“The Deaths of Others” review

“The Deaths of Others” review

The Deaths of Others

by John Tirman
Oxford University Press, 2011

This book, written by an American, and addressed to Americans, asks a highly uncomfortable question: why do Americans care so little for all the civilians they have killed in every war they fight? And before we all get into America-bashing, we should remember that all countries with an imperial past have also been guilty, though without justifying their behaviour in a way that allows for massive ‘righteous’ killing.

Tirman demonstrates how the American myth of ‘conquering the Frontier’, civilising the savage and bringing ‘freedom’ was born, and moulded into a belief in a grand manifest destiny. Sadly, as in the case of the Native Americans, civilising the savage meant killing him. With a brief look at the Philippines War, he examines in detail three wars, Korea, Vietnam and Iraq. The death toll is horrendous – anything between 1 and 3 million, mostly civilians, died in each, mostly unrecorded because “we don’t do body counts”.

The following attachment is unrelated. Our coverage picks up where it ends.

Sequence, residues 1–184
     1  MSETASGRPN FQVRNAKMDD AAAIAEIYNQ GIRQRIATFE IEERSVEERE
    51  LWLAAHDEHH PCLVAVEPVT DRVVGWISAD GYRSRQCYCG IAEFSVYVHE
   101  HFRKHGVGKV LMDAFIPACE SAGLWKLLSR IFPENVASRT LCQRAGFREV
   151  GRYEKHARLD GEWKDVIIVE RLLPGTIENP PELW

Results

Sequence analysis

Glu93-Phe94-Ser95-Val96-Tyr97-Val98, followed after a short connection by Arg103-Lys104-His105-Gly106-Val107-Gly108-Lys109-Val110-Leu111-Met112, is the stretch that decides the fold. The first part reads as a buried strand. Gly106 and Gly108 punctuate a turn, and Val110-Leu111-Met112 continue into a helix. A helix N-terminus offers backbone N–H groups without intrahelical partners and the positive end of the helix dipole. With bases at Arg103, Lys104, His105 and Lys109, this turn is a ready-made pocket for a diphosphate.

Tirman’s approach gives a comprehensive historical background, the politics and interests at play that result each time in apparently uncaring slaughter. This is not a comfortable read – how can you really comprehend that in one day, 23,000 gallons of napalm were dumped on Pyongyang? But it is a must-read for campaigners against war and all the appalling damage that entails.